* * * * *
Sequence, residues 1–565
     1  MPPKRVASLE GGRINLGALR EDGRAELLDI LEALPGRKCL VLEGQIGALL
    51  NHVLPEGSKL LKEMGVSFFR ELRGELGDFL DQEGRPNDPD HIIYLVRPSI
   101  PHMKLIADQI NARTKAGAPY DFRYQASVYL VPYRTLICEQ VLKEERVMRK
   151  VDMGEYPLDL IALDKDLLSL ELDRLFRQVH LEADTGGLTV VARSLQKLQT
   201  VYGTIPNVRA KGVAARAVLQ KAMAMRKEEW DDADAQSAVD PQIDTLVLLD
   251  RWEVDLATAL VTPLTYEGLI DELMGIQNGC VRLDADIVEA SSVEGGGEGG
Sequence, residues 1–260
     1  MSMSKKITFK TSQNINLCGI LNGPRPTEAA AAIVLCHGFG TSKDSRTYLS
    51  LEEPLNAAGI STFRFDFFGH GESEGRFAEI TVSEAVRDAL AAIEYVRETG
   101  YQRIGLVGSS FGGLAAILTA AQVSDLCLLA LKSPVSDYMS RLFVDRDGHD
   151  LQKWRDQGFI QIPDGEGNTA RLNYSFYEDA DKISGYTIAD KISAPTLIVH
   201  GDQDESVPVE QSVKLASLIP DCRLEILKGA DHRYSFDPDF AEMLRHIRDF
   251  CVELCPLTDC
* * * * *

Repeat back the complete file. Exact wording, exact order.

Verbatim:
Sequence, residues 1–565
     1  MPPKRVASLE GGRINLGALR EDGRAELLDI LEALPGRKCL VLEGQIGALL
    51  NHVLPEGSKL LKEMGVSFFR ELRGELGDFL DQEGRPNDPD HIIYLVRPSI
   101  PHMKLIADQI NARTKAGAPY DFRYQASVYL VPYRTLICEQ VLKEERVMRK
   151  VDMGEYPLDL IALDKDLLSL ELDRLFRQVH LEADTGGLTV VARSLQKLQT
   201  VYGTIPNVRA KGVAARAVLQ KAMAMRKEEW DDADAQSAVD PQIDTLVLLD
   251  RWEVDLATAL VTPLTYEGLI DELMGIQNGC VRLDADIVEA SSVEGGGEGG
Sequence, residues 1–260
     1  MSMSKKITFK TSQNINLCGI LNGPRPTEAA AAIVLCHGFG TSKDSRTYLS
    51  LEEPLNAAGI STFRFDFFGH GESEGRFAEI TVSEAVRDAL AAIEYVRETG
   101  YQRIGLVGSS FGGLAAILTA AQVSDLCLLA LKSPVSDYMS RLFVDRDGHD
   151  LQKWRDQGFI QIPDGEGNTA RLNYSFYEDA DKISGYTIAD KISAPTLIVH
   201  GDQDESVPVE QSVKLASLIP DCRLEILKGA DHRYSFDPDF AEMLRHIRDF
   251  CVELCPLTDC